So I voted this morning. Or rather, my son did (yes, he of letter-writing fame). Which you would see here if he wasn't so impatient to vote that he stuffed the two envelopes into the ballot box and started to move away before I managed to snap the shot. (Yes, they let him go behind the curtain with me. He read the slips of paper, chose the correct ones, put them in the envelopes, sealed those envelopes, and then stuck them in the ballot box - by himself, as his proud mama looked on.)

You can't see him actually cast my his our vote, but at least you can see his bright red shirt.
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Any questions? Go ahead and ask 'em. I'm still welcoming blog fodder after all, despite my burying my request under new posts.

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16 comments:

Gattina said...

I am not allowed to vote in Belgium. For that I have to take the belgian citizenship. But I can vote for the city. (the garbadge responisbles, lol)

Paz said...

Good luck with the elections. It's great your son is learning his civic duty at a young age. Love the red shirt. ;-)

Happy Ruby Tuesday!

Paz

Maribeth said...

Oh I love it! He looks so proud of himself!

Dawn on MDI said...

I used to be a reporter covering small town stuff here in Maine. So many people just turn out for the big, sexy presidential ballot every four years, but if the truth be known, the local five-member board of selectmen have more impact on people's daily lives year in and year out than the president does. These are the people who compile and propose the municipal budget, the school budget, the plan to repair roads and buildings that the town owns. Here in New England, that board also decides how much sand and salt the town will stockpile in advance of winter. If they put up too much they are upbraided for being too fast and loose with taxpayer funds, if they are more conservative and get stuck two snowstorms short, they are criticized as miserly and short-sighted. In the latter case, the daily commute of hundreds, if not thousands, of people is affected.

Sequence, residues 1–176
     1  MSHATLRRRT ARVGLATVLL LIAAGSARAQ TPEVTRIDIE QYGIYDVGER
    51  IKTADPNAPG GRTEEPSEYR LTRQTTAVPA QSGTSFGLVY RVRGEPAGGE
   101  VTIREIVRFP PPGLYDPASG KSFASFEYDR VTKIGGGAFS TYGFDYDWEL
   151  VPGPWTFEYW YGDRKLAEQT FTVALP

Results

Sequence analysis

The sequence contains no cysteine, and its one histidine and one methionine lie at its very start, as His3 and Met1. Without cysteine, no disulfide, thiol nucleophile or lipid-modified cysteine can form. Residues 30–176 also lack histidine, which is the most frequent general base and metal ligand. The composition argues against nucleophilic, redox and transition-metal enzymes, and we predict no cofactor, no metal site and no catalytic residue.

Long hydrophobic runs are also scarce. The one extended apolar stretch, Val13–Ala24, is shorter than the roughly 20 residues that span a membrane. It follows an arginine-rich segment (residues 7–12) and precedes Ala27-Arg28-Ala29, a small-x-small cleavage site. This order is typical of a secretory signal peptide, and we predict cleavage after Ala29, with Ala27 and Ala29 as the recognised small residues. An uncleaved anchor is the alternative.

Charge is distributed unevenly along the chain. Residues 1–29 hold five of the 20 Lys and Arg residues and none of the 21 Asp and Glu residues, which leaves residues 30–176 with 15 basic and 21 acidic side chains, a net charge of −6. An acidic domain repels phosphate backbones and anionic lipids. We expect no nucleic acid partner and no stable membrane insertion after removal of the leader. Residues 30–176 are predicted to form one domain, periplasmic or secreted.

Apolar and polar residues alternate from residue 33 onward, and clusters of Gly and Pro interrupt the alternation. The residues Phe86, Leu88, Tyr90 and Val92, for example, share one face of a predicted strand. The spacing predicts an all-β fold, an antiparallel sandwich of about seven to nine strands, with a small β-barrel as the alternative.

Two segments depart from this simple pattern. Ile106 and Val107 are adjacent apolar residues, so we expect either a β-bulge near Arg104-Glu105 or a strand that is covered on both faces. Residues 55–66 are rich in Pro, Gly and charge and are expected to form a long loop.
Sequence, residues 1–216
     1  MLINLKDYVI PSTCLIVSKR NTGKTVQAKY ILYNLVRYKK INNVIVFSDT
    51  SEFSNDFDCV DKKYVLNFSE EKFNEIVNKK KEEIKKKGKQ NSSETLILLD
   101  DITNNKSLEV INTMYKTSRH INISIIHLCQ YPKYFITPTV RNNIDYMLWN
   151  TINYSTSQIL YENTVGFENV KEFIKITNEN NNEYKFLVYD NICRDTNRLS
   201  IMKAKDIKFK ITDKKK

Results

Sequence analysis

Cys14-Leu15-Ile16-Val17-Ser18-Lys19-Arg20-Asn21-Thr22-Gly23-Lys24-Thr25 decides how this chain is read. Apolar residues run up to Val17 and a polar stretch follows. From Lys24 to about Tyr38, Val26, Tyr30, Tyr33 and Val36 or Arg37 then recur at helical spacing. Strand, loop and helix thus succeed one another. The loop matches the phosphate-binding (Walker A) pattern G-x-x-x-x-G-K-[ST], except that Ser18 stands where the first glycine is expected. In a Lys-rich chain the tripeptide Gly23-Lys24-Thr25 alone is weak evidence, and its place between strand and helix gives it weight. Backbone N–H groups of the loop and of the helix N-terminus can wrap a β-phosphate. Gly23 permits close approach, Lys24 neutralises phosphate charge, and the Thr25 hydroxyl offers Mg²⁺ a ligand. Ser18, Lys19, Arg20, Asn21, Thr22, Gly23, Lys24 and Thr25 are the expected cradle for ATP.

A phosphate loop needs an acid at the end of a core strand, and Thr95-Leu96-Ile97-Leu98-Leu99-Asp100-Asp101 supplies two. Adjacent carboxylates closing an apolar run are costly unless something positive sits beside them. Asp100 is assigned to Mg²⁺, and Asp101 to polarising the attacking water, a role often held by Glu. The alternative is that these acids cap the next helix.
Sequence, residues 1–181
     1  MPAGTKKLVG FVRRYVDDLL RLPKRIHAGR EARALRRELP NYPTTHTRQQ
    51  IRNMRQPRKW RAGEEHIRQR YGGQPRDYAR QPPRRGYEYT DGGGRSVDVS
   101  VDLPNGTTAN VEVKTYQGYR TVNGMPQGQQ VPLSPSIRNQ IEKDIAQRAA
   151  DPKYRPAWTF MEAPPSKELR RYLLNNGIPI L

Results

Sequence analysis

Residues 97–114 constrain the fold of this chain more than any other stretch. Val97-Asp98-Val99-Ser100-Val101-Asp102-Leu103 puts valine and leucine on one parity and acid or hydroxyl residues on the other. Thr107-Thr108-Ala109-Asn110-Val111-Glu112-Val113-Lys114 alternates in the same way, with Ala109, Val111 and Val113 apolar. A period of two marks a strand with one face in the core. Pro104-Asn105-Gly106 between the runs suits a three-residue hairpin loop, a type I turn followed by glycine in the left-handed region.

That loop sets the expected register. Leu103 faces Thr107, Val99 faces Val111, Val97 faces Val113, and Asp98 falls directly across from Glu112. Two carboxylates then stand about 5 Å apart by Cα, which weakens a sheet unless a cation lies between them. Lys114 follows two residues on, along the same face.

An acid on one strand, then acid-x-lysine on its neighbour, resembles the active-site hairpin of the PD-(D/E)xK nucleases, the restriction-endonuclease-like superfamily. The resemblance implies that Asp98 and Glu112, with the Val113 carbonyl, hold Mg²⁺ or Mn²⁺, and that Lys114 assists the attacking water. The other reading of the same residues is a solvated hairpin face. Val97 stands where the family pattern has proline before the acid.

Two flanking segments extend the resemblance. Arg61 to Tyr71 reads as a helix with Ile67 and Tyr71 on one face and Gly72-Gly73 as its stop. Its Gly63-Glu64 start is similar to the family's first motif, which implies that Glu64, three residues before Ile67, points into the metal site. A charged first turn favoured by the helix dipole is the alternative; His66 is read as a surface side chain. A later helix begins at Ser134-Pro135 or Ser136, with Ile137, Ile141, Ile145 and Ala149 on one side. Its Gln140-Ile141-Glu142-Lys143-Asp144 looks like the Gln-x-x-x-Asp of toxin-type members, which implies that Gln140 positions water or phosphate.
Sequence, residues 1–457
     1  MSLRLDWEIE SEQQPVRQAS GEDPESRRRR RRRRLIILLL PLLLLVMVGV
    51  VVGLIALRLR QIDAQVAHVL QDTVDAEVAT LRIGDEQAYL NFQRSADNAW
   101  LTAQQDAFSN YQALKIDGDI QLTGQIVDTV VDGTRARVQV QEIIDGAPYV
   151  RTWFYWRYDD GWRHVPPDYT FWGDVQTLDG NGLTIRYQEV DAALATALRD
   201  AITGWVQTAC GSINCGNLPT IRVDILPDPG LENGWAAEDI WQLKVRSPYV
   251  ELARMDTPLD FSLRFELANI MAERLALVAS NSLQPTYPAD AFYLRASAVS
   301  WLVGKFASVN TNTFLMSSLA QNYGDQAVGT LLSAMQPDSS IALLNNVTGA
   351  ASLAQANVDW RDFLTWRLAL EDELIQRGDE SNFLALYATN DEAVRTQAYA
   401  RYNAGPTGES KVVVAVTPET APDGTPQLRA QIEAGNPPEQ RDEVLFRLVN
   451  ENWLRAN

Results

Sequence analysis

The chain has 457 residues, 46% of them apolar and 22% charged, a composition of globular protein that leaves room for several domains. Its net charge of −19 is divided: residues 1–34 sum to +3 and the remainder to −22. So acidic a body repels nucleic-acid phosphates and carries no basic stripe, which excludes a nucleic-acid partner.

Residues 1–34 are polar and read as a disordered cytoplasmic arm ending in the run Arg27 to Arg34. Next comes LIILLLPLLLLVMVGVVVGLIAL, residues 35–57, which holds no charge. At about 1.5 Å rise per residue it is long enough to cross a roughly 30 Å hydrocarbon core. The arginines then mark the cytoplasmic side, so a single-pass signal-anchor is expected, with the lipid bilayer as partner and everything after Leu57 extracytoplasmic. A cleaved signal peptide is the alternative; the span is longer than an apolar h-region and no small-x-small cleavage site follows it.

With fuel prices doubling in recent years, the people on those boards are the ones who decide to turn back the thermostats in the schools and town offices, to cancel field trips (fuel costs) and to drop athletic and arts programs because so much money has to go to keeping the pipes from freezing.

Local folks for some reason don't think voting in municipal elections is important like a presidential election, but if anything, it is more so. These are the people who make sure your streets are safe to walk (and drive) and your kids get a decent education. What is more important than that?

ellen b. said...

Hi Robin,
You have a cute little voter there! Thanks for your visit...

Mojo said...

I have beaten this same drum for a long time now, and made a big point of it just before our national elections. On the ballot here were seats for judges, city council, county commissioners... all kinds of positions and people who probably have more of an impact on our day-to-day lives than the President or representatives in Congress. These are the elections that "get things done" in our world, and they're at least as important as the high profile races.